Vegan Interior Design Week Showcases Animal-Free & Sustainable Innovation

The world’s first Vegan Interior Design Week virtual event on 1-5 November, 2021 is bringing together industry professionals, PR and marketing experts, and anyone interested in learning more about ethical design excellence.

The free summit features more than 40 speakers from across the globe who will share their knowledge and experience.

Exhibitors include next-gen material developers to conscious furniture suppliers showcasing the latest product and material trends.

VIVAS spoke with organizer Aline Duerr about what to expect.

Why are you running Vegan Interior Design Week?

There are so many vegan food events, there is Vegan Fashion Week but there had never been a Vegan Interior Design Week before so I decided to organise one.

Sustainability issues, animal welfare concerns and growing consumer demand combined with recent technology breakthroughs create the ideal scenario for revolutionizing the interior design industry and the concept goes beyond the usual interior design trends with superior impact and farther reach.

It explores the challenges surrounding climate and ecological change through the lenses of interior design as well as ethics, health, science and technology.

Consumers worldwide are demanding better and more sustainable products and brands and retailers are more eager than ever to meet this demand.

Simultaneously, innovators are working on new technology to serve consumers and brands with improved materials and products.

I want to provide targeted support to everyone in this growing niche and enable worldwide collaboration and networking.

Aline Duerr, organizer of Vegan Interior Design Week. Image: Supplied by VIDW.

It’s both a trade and consumer show. What can each of these groups expect from the event?

Interior designers can learn from other interior designers from all over the world how they design in a vegan and sustainable way.

They will get to know some really innovative suppliers in the virtual exhibition booths and they will also learn how to market themselves, how to communicate their values and how to get PR coverage.

Suppliers will hear from their interior design clients about their challenges, needs and wants to identify opportunities and gaps in the market and will be able to directly communicate with them.

End consumers will learn about what vegan interior design is, why it is important, how to source vegan products and finishes and what other related fields we can draw from to create a balanced, healthy and cruelty-free sanctuary such as biophilia, building biology or the energetics of interior design.

All attendees will have the chance to participate in networking sessions with professionals and ‘everyday people’ from all over the world which is a very essential part of this event bringing together many like-minded people within the industry to grow strong relationships and encourage worldwide cooperation to give vegan interior design a big push and a louder voice.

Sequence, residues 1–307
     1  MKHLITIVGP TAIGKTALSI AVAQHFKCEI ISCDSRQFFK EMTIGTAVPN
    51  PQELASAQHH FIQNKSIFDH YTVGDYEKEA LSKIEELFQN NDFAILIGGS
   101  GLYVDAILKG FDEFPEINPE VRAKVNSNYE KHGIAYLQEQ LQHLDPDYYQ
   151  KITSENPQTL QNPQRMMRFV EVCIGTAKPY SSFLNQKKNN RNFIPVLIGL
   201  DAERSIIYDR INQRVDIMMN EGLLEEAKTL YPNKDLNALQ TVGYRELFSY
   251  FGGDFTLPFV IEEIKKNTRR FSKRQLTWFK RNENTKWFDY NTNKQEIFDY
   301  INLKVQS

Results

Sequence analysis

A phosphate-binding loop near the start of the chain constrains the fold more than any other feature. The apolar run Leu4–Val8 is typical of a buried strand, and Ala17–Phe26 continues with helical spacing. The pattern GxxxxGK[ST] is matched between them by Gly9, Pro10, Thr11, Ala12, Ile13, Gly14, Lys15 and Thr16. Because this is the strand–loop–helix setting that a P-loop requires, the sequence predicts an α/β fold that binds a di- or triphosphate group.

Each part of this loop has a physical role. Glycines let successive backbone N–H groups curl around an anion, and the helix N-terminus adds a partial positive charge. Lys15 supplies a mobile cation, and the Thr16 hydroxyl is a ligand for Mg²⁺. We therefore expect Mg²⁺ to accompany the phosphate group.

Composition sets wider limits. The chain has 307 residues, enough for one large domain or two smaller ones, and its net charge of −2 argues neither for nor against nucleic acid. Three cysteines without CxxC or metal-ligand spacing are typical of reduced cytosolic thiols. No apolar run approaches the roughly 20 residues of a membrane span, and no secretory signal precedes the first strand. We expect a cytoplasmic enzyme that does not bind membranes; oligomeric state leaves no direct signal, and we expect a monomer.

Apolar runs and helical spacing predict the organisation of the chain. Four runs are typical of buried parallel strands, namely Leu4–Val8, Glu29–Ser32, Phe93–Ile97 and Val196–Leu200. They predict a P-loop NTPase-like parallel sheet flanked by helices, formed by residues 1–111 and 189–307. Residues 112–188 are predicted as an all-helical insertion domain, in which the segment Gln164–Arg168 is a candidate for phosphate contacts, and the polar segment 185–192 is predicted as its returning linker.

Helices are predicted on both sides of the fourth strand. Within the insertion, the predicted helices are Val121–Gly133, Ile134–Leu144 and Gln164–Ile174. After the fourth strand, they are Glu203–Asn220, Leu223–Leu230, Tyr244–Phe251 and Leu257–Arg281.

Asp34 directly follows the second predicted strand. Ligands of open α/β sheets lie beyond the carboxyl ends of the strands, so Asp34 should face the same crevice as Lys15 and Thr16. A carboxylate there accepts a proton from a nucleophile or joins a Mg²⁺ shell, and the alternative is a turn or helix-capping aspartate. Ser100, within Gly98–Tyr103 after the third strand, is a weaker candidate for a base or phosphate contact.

Why is vegan interior design important? 

MOD Santorini is a vegan boutique hotel in Greece. Image: Supplied by VIDW.

Like with vegan food and fashion, for me personally vegan interior design is all about saving as many animals as possible from unnecessary torture and death.

Vegan interior design is still a widely untouched field.

Generally, vegans naturally stay away from leather and fur. Surprisingly many however buy into very smart marketing campaigns for ‘peace silk’ or ‘zero harm wool’ which are still as cruel as any other animal derived product or material.

Vegan interior design goes much deeper than just these ‘common’ non-vegan materials though.


Animal products are hiding in so many finishes and products at home or in the office and most people would not even know or suspect them there.

Wall paint, towels and plywood are usually the ones that surprise people the most – the majority of these three is not vegan.

So in order to further the vegan movement away from animal cruelty, looking into what we put into our homes and other interiors is a very essential part of it and a field that needs much more attention from everyone, especially vegans who may be unknowingly living in a very non-vegan space.

While vegan interior design used to be about just replacing animal products and materials with vegan ones, there is a new trend which makes many of the vegan alternatives such as the infamous PU leather unacceptable and demands alternatives to also be sustainable.

There is a lot happening in that space right now with many bio-derived leather, silk and wool alternatives being developed and hitting the market.

This is why vegan interior design is not only relevant and important for vegans but everyone.

Vegan Interior Design Week takes place 1-5 November, 2021.

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